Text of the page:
There is already a gap between the uranium consumed by reactors and the uranium produced from the world’s mines, which has been the case for many years. That gap has been bridged by secondary supplies – uranium in various forms that is already out of the ground and sitting in stockpiles around the world. Today, about 20% of global supply comes from secondary sources, but those stockpiles are being drawn down, and are expected to contribute less and less over time. This means that more primary production will be needed from uranium mines – in fact, we estimate about 10% of total supply required over the next decade will need to come from new mines that are not yet in development.
There are two key challenges to primary supply: timeliness and cost. The long-lead nature of uranium mine development means that our industry is unable to respond quickly to sudden increases in demand or significant supply interruptions – bringing on new production can take between seven and 10 years. And now with recent lower uranium prices, we're seeing delays and cancellations as new projects become uneconomic.
Developing production capacity to meet the world's uranium needs, rather than the availability of uranium resources, is a likely challenge over coming years according to the latest edition of the OECD Nuclear Energy Agency (NEA) and International Atomic Energy Agency (IAEA) joint report on uranium resources, production and demand.
A 10% increase in overall worldwide uranium exploration and mine development expenditures since the previous Red Book could largely be attributed to development activities at only two projects: Cigar Lake in Canada, and Husab in Namibia. Exploration expenditures themselves continued to decrease because of low uranium prices, the report found, and no significant resources were added to the resource base during the reporting period.
The highest exploration and development expenditures in both domestic and non-domestic projects over the reporting period were by China, with a steady increase in domestic exploration expenditure from $131 million in 202 to $197 million in 2014 and an expected $199 million in 2015. Brazil, the Czech Republic, Jordan, Mexico and Turkey also reported increased expenditure on domestic uranium exploration and development during the period. China's non-domestic exploration and development expenditure - principally through investment in the Husab mine in Namibia - rose from $82 million in 2012 to $753 million in 2014 and an expected $778 million in 2015. Total world non-domestic uranium exploration and development expenditure was found to be $813 million in 2014 and an expected $846 million in 2015.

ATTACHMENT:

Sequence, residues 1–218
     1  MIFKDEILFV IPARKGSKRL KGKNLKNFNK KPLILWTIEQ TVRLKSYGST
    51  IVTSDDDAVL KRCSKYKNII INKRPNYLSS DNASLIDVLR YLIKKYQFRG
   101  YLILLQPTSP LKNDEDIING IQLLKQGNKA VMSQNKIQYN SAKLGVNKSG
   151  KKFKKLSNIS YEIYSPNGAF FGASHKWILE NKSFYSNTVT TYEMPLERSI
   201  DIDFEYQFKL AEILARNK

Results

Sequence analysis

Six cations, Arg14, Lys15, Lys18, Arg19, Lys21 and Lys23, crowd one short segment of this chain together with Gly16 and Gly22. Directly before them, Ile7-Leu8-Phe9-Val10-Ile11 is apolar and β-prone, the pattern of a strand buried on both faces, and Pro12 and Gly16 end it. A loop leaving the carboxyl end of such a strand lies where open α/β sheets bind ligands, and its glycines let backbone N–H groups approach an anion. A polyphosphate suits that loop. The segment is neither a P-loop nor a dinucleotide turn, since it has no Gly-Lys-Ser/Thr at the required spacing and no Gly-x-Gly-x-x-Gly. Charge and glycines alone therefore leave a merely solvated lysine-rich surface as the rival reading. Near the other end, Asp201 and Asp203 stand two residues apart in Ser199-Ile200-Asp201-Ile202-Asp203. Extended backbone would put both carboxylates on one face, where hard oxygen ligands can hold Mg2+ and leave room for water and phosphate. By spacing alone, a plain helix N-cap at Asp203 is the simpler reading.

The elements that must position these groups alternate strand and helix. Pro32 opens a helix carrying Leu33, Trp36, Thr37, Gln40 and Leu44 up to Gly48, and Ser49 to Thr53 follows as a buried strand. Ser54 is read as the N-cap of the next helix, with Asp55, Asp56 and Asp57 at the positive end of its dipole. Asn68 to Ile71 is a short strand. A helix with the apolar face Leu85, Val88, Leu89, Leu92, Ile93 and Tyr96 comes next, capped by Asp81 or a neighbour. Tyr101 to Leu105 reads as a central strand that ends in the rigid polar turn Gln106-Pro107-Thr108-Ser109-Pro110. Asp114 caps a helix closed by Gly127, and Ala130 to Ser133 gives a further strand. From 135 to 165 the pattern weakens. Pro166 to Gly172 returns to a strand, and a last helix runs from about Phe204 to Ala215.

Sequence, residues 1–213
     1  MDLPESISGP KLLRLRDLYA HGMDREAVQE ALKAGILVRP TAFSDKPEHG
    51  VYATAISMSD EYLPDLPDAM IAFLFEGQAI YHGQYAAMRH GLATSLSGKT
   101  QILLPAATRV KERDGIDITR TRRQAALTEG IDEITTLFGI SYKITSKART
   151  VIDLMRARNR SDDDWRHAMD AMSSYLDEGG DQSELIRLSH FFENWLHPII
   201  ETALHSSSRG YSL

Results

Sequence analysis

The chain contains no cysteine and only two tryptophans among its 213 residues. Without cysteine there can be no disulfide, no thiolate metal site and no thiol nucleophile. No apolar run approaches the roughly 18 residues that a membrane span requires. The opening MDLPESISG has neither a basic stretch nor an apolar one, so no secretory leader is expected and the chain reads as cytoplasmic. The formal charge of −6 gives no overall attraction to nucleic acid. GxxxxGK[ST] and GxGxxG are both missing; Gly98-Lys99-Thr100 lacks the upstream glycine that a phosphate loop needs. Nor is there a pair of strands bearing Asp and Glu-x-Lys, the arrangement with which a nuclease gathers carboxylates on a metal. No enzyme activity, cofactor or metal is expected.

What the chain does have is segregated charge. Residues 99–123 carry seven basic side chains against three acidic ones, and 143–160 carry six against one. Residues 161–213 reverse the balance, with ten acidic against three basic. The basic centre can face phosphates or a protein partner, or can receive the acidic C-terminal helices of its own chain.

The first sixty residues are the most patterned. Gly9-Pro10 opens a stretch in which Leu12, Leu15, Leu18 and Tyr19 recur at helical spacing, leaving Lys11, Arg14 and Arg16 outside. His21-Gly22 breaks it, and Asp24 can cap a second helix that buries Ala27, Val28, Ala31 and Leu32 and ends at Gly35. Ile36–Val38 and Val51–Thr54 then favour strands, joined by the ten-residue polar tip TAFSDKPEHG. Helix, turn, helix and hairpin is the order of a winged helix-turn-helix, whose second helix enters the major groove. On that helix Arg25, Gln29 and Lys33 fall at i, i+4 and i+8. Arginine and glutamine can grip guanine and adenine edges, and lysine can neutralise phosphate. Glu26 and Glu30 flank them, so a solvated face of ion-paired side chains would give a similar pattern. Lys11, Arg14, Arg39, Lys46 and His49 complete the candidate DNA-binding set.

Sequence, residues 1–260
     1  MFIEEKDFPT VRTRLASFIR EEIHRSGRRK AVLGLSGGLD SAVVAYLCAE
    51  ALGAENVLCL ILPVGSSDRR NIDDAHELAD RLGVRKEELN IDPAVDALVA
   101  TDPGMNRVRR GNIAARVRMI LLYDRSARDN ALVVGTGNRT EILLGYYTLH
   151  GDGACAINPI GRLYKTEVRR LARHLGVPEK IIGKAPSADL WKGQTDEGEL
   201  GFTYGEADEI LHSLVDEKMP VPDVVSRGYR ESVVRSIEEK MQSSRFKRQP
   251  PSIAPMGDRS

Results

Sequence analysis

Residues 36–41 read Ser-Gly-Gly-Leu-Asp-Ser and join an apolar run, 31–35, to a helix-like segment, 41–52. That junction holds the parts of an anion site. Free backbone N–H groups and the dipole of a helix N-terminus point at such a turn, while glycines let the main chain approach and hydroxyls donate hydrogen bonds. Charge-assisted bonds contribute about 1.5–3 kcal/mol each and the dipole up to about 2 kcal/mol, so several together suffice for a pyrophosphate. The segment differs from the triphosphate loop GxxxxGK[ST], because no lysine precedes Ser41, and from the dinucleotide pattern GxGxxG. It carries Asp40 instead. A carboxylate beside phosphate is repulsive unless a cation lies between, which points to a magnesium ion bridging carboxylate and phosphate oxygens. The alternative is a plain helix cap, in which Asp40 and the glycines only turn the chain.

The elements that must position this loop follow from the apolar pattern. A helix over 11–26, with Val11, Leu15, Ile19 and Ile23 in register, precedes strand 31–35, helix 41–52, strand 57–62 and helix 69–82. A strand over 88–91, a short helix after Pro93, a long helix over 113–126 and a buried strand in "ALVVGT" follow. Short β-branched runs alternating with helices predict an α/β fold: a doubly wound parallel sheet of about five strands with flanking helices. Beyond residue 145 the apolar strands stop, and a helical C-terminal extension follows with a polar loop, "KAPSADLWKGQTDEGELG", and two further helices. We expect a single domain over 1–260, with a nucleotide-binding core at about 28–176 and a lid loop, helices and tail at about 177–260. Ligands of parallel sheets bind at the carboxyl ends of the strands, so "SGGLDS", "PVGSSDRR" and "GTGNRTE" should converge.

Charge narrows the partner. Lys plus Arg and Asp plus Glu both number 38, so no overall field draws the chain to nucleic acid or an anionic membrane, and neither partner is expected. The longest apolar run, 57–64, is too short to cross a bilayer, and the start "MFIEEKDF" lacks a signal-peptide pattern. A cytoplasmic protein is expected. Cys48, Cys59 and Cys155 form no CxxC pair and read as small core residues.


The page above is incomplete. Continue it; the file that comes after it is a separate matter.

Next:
Uranium production, at 55, 975 tU as of 1 January 2015, was 4.1% down from the previous report, with Kazakhstan, the world's leading producer, continuing to increase production but at a slower pace than before.
Demand for uranium is expected to continue to rise "for the foreseeable future", the report found. Taking into account policy changes and revised nuclear development plans announced in some countries, the report projects world nuclear capacity to grow to between 418 GWe, in its low demand case, and 683 GWe, in its high demand case, by 2035. Accordingly, annual reactor-related uranium requirements are projected to rise from 56,585 tU as of 1 January 2015 to between 66,995 tU and 104,740 tU by 2035.
Although total identified uranium resources have only increased by 0.1% since the previous edition of the report, the currently defined resource base is "more than adequate" to meet even high-case uranium demands to 2035. Whether it will do so will depend on "timely investments to turn resources into refined uranium ready for nuclear fuel production," the report finds.
SOURCES- Cameco, World Nuclear News